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The Genetics Of Cancer

Cancer, by definition, is a disease of the genes. Cancer is also our most common genetic disease, but only rarely is it inherited. A gene is a small part of DNA, which is the master molecule of the cell. Genes make "proteins," which are the ultimate workhorses of the cells. It is these proteins that allow our bodies to carry out all the many processes that permit us to breathe, think, move, etc.

Throughout people's lives, the cells in their bodies are growing, dividing, and replacing themselves. Many genes produce proteins that are involved in controlling the processes of cell growth and division. An alteration (mutation) to the DNA molecule can disrupt the genes and produce faulty proteins. This causes the cell to become abnormal and lose its restraints on growth. The abnormal cell begins to divide uncontrollably and eventually forms a new growth known as a "tumor" or neoplasm (medical term for cancer meaning "new growth").

In a healthy individual, the immune system can recognize the neoplastic cells and destroy them before they get a chance to divide. However, some mutant cells may escape immune detection and survive to become tumors or cancers.

Tumors are of two types, benign or malignant. A benign tumor is slow growing, does not spread or invade surrounding tissue, and once it is removed, it doesn't usually recur. A malignant tumor, on the other hand, invades surrounding tissue and spreads to other parts of the body. The hallmark of a malignant cancer is the uncontrolled clonal proliferation and spread of abnormal cancer cells. If the cancer cells have spread to the surrounding tissues, then, even after the malignant tumor is removed, it generally recurs.

A majority of cancers are caused by changes in the cell's DNA because of damage due to the environment. Environmental factors that are responsible for causing the initial mutation in the DNA are called carcinogens, and there are many types.

There are some cancers that have a genetic basis. In other words, an individual could inherit faulty DNA from his parents, which could predispose him to getting cancer. While there is scientific evidence that both factors (environmental and genetic) play a role, less than 10% of all cancers are purely hereditary. Cancers that are known to have a hereditary link are breast cancer, colon cancer, ovarian cancer, and uterine cancer. Besides genes, certain physiological traits could be inherited and could contribute to cancers. For example, inheriting fair skin makes a person more likely to develop skin cancer, but only if they also have prolonged exposure to intensive sunlight.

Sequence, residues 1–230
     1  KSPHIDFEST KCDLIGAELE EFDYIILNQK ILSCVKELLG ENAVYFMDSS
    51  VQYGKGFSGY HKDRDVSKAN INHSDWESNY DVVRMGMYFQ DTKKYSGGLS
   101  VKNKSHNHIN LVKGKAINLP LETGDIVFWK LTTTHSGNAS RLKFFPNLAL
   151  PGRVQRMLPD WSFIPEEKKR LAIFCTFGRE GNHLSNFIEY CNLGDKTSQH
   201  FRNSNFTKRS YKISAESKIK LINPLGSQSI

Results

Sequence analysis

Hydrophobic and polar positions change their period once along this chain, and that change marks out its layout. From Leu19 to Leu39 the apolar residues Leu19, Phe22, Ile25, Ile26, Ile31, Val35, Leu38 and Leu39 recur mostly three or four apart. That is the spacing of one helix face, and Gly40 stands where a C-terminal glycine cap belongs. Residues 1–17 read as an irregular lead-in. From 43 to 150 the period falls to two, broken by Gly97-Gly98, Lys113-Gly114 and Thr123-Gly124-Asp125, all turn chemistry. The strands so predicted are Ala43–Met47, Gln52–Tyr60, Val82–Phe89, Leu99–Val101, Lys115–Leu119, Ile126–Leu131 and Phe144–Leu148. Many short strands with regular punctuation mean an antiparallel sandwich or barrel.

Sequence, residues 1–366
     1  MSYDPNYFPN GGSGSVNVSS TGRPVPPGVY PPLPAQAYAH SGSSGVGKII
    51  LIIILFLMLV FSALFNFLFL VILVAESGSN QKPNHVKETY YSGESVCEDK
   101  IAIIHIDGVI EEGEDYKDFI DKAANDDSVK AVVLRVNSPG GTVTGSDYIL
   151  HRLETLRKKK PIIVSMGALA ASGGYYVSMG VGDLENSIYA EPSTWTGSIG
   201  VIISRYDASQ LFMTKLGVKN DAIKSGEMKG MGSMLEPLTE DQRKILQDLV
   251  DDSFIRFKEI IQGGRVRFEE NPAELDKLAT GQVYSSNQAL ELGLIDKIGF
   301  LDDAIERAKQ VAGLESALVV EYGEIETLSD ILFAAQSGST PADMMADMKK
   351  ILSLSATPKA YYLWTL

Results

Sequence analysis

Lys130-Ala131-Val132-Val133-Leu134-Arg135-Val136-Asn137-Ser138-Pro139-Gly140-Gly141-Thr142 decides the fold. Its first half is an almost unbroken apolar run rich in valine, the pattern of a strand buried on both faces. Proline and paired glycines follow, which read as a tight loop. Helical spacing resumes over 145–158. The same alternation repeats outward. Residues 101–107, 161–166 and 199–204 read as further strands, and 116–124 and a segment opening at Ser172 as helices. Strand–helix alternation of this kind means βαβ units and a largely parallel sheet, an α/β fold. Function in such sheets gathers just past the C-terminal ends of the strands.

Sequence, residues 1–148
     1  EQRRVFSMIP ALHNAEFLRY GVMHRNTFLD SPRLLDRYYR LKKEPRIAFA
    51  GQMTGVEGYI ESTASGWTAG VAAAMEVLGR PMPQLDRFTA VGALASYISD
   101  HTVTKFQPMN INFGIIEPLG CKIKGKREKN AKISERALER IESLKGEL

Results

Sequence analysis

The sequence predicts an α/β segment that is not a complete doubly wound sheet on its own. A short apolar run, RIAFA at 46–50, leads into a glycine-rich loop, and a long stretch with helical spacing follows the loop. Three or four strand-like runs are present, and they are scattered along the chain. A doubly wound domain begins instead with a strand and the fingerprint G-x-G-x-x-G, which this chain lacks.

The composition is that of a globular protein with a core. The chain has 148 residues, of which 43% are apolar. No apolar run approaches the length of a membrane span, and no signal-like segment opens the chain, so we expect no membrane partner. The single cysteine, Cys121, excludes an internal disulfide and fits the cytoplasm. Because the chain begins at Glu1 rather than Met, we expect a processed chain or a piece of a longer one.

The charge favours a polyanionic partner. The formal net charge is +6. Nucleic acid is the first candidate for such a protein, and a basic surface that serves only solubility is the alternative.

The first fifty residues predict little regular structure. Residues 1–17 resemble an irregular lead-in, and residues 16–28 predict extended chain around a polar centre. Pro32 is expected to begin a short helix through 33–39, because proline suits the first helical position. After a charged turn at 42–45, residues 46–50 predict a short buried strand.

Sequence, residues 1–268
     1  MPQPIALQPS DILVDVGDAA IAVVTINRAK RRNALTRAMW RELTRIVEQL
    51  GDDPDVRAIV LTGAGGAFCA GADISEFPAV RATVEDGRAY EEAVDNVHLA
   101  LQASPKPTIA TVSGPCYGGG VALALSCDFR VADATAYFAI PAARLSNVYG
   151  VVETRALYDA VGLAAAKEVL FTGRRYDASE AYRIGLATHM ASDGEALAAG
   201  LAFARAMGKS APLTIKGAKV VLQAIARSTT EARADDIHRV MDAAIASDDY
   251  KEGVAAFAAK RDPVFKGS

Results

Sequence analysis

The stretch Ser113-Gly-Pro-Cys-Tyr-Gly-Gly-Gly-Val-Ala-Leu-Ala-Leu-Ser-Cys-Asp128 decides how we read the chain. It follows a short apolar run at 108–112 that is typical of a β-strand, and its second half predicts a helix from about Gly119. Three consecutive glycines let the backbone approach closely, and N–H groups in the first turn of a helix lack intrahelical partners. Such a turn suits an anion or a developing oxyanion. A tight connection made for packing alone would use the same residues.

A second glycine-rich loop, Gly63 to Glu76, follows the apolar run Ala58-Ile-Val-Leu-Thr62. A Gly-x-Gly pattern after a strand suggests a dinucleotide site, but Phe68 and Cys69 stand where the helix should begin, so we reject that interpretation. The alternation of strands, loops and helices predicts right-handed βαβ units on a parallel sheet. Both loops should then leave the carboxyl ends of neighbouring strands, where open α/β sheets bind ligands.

Most cancers are sporadic and arise in a particular tissue such as the colon, breast, lung, or skin when normal cells acquire mutations in one or more oncogenes or tumor suppressor genes. The acquisition of multiple new genetic changes is what sets the cancer cell apart from the normal cells in its surrounding tissues.

The cancer cell develops when a normal cell in an organ or tissue acquires the capacity to divide in an uncontrolled fashion. Over time the developing cancer cell starts to multiply in a clonal fashion, begins to appear different (anaplastic or undifferentiated), and progressively acquires other characteristics, such as the capacity metastasise while losing cell-to-cell adhesion. The continued acquisition of new biologic characteristics is the key to many aggressive cancers evading the host defenses, and to the resisting some treatments such chemotherapy and radiotherapy.

It is important to appreciate that oncogenes and tumor suppressor genes are in fact normal cellular genes with vital functions within normal cells. It is only when they are mutated in some way that these genes become cancer causing.

The Ha-ras gene is a good example of an oncogene. Located on chromosome 11 at the normal cellular Ha-ras gene is one of a family of ras genes and encodes a small protein that is involved in intracellular signaling. Mutations in the ras oncogenes disrupt processing of cell signals and contribute to cell transformation. Mutations in ras oncogenes are found in approximately 10% of cancers especially cancer of the colon and lung.